Sunday, February 28, 2016


As this is Oscar night, a much anticipated event in my household, I saw one more film with a Best Actor nominee.  This afternoon I watched Trumbo, a biographical story about a screenwriter, Dalton Trumbo. He was a member of the American Communist Party in his youth and continued supporting liberal causes. In the early 1950's the U.S. Congress held hearings for the House Un-American Activities Committee. Various people who worked in Hollywood were subpoenaed - made to appear in open hearings and be grilled on their participation in Communist causes.

The accused demanded to have the Bill of Rights followed as American citizens, but their demands were ignored, so hot was the hate running for the Soviets at the time. Ten of the accused refused to answer the questions on the premise to do so would violate their rights to the freedoms guaranteed to American citizens. The ten were blacklisted and forbidden to work in their professions.  Some, like Trumbo, were jailed for "contempt of congress."

Hmmmm, if they were jailing Americans for "contempt of congress" today, there'd be lots of us incarcerated for our opinions of the do-nothings in the House and Senate who block important legislation, vote themselves raises, higher pensions, demand longer breaks (why, they don't do anything anyway?!) and take expensive "fact-finding" jaunts at the expense of lobby groups...

But I digress.  Bryan Cranston is wonderful in the title role of "Trumbo," a brilliant writer who doesn't withhold his contempt for the situation in which he finds himself.

When released from prison, he gets an idea of writing under other names, selling scripts to smaller studios and getting paid under the table.  He develops a corporation of sorts using his family to assist him.  He recruits his fellow blacklisted writers to write scripts as well.  Soon they're selling scripts for B movies to the King Brothers studios.  They make movies about aliens coming to Earth, love sick gorillas, weird creatures, etc.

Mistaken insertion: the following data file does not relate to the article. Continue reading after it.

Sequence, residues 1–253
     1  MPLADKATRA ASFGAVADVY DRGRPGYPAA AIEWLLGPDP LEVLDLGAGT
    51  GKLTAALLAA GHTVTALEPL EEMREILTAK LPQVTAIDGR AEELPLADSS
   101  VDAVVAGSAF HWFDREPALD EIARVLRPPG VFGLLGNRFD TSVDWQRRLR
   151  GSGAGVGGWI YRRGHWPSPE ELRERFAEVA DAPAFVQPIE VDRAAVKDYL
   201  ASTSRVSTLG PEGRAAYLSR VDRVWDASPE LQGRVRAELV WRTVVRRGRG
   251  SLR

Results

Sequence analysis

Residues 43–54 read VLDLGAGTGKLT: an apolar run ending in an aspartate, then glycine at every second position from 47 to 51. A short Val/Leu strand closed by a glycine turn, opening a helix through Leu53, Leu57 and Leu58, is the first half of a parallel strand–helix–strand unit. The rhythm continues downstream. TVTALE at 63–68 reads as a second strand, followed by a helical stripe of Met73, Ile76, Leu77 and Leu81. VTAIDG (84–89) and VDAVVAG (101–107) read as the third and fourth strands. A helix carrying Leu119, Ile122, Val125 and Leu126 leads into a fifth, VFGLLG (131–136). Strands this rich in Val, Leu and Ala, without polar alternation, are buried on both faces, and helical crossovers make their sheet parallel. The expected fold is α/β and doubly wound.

Screenplays written by Trumbo, using other names, won two separate Academy Awards for best scripts, one was for Roman Holiday, a big-budget film which starred a young Audrey Hepburn and Gregory Peck.  The other was for The Brave One produced by the King Brothers. In both cases, he could not attend the ceremonies.  In one case he didn't get the statue until twenty years later.

Kirk Douglas came to him to rewrite the script for Spartacus and then Otto Preminger brought the script for Exodus to him, both big budget prestigious pictures in the late 1950s.

Cranston, whose talent is well-documented with previous awards, is a strong contender for the Oscar tonight. He was magnificent as the quirky, stubborn, chain-smoking, hard drinking, amphetamine popping genius.

Also notable in the cast is Diane Lane as his wife, who stuck by him through the ordeals, and never remarried after his death in 1976.

John Goodman plays the head of King Brothers studio, as a brash man, who chases away the Hollywood rep for the House Un-American Committee who comes to demand the studio quit using Trumbo to write his scripts, with a baseball bat and plenty of swings.

Dean O'Gorman plays Kirk Douglas and makes a strong impression in the role.

Louis CK plays a good friend of Trumbo, Arlen Hird, who is also a chain-smoking, heavy-drinking author on the blacklist.  This was a surprising turn for him.  The character is tragic and he plays him with delicate pathos which will make you weep.

Mark Stuhlberg plays Edward G. Robinson, who funds the legal costs for his friends by selling a Monet from his collection, only to turn them all in to save his career later.

Helen Mirren plays obnoxious gossip columnist, Hedda Hopper, who led the Hollywood fight to get all the "Commies" out of the business.  At one time, she had the largest circulation of any Hollywood columnist.  As such she wielded great power in Tinseltown. Mirren was appropriately bitchy in the role.  Her final scene when she knows she's lost, is equally impressive.  But hey, it's Helen Mirren...

The film was based on real events.  Kirk Douglas insisted giving Trumbo screen credit for writing the script for Spartacus, which broke the blacklist when Otto Preminger followed suit for his film, Exodus.  One of my favorite scenes was when JFK was seen coming out of a theater having just watched Spartacus.  When asked what he thought about the movie if it was filled with Communist influence, he said it was a great picture which he enjoyed...Too bad, Ms. Hopper...

Throughout the picture Bryan Cranston shines...Trumbo was a character, one who stuck to his ideals and his beloved craft.

Bryan Cranston may win his own Oscar tonight.  He deserves one for this role.

Until next time...

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